Remarkably, the details of the initiative have not been published by any of the Arab media. It has only been reported that the message contains a “concrete proposal” regarding the format for a dialogue with opposition forces on political, economic and social reforms.
Damascus immediately rejected the Arab League’s peace initiative, however. A statement released by Syrian government officials stressed that the League’s initiative constitutes “gross interference” in the country’s domestic affairs, violates the League’s charter and undermines Arab unity.
Moreover, Damascus’s official response stressed that the appeal by the foreign ministers of the Arab League member states violates the League’s own rules, and that the initiative runs counter to “the interests of the Syrian people.” Syrian spokesman Yousuf al-Ahmad demanded that the League stay out of ongoing events in Syria and simply give its full support to the Assad regime.
Incidentally, the Syrian opposition also rejected the Arab League’s proposals, calling them “unsatisfactory;” and it urged Arab countries to exert stronger pressure on Syria’s regime, since otherwise “the bloodshed will not stop.”
In general, the fact that everybody in Syria is ignoring the League’s resolutions gives its ambitious new secretary general serious food for thought.
Bringing up the rear in the Middle East
The Arab League’s PR campaign scene in recent years and its attempts to dampen Iran’s “imperial ambitions” and prevent Arab countries from acting independently (and thus in an uncoordinated fashion) have proven ineffective.
Therefore, the League’s ambitions for controlling what is going on in the region are, to put it mildly, a bit inflated.
Moreover, despite Egypt’s post-revolutionary problems, the struggle for regional leadership is continuing within the Arab League (primarily between Egypt and Saudi Arabia), and there is longstanding “jealousy” between the leading Arab countries.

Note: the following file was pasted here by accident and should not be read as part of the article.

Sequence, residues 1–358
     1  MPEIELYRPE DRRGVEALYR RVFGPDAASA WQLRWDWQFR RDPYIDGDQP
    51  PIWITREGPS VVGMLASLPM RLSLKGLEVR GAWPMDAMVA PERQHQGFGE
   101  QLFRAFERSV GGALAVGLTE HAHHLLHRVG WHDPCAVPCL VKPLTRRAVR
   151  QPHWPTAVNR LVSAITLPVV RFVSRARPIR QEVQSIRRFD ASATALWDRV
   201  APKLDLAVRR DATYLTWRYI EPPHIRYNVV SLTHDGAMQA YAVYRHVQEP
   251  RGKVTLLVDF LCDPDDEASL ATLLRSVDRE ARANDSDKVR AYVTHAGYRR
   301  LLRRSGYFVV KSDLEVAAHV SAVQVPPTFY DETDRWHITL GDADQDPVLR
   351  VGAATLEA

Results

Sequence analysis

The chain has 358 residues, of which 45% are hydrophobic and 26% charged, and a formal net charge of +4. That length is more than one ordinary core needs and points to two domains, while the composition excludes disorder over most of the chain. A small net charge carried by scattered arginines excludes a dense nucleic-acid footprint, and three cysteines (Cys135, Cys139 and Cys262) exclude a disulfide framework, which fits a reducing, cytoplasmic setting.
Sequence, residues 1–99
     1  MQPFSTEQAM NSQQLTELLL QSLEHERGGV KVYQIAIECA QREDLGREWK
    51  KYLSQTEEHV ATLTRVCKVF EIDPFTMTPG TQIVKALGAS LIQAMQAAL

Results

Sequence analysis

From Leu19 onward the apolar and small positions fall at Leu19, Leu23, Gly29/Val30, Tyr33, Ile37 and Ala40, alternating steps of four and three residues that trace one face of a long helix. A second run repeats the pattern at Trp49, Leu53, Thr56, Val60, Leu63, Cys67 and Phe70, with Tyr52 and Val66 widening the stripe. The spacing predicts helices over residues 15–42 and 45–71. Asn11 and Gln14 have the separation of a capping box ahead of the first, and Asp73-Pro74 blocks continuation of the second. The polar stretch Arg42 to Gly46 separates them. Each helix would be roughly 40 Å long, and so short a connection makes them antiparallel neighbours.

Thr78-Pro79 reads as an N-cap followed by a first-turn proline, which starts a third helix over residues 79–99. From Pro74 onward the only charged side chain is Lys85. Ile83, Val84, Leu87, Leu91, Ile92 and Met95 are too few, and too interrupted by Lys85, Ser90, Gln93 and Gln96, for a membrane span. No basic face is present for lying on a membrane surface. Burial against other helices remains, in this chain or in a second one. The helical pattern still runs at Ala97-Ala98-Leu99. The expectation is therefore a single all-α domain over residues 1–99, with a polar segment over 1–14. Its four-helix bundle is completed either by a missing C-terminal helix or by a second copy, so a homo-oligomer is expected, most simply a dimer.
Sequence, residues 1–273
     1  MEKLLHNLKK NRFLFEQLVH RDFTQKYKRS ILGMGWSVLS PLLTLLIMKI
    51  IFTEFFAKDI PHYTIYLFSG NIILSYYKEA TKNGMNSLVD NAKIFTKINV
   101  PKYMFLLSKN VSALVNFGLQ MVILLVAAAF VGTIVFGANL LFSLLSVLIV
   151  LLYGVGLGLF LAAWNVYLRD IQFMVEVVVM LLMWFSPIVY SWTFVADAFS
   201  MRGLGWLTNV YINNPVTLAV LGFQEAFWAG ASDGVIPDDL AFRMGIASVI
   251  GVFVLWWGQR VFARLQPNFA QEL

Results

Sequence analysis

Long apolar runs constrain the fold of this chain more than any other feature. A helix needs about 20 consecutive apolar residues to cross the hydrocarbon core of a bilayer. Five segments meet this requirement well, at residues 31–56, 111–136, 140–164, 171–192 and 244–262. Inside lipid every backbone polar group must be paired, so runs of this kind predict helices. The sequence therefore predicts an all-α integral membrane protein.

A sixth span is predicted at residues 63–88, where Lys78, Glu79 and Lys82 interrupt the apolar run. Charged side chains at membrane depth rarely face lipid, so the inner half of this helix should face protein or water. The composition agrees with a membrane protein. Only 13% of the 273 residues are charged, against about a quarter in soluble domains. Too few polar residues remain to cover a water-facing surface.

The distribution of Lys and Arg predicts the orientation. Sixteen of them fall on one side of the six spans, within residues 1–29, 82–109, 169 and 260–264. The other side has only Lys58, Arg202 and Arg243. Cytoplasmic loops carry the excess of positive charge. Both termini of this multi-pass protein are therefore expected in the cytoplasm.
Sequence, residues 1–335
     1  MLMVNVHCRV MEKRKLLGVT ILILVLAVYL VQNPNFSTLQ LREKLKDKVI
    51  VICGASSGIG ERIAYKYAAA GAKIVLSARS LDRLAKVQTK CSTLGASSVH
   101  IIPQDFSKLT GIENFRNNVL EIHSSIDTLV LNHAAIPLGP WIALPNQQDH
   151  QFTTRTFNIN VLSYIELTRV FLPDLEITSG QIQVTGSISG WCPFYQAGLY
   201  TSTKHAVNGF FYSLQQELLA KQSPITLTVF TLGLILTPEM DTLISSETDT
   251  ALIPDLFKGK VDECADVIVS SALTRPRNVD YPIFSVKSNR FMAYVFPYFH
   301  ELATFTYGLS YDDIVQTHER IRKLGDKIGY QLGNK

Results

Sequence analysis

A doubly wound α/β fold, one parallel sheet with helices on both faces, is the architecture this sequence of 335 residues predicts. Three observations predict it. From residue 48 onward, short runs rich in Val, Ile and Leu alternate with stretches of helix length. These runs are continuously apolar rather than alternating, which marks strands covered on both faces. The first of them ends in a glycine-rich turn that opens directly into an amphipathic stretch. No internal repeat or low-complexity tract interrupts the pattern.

In addition, in light of recent developments in the region representatives of the various Arab countries constantly suspect each other of playing up too much to Washington, and to the West in general. On the other hand, the Arab Spring exposed and intensified the intra-Arab and inter-Muslim Sunni-Shiite conflict.
As things stand, it is not the Arab states or associations such as the Arab League that are taking the lead; it is the so-called “extra-territorial Islamist organizations” (some experts are calling them “religious orders”)—as the situation in Iraq, Lebanon and the Palestinian territories (especially in the Gaza Strip) clearly indicated even before what transpired the first half of this year.
As a result of the unrest in the Arab world, Iran remains the only influential Islamic power in the region. Most regional international relations experts are convinced that Iran is the country currently most interested in engaging the “extraterritorial Islamist organizations” because it can use them to hamper the actions of the United States and several overly ambitious European countries in the region.
If the new head of the Arab League fails to transform it into a driver of regional processes soon (and the Palestinian and Syrian problems are terrific opportunities to do so), the League will find itself fated to give its blessing to ambitious geostrategic projects of the world’s movers and shakers, as has been the case with Libya.
Source: New Eastern Outlook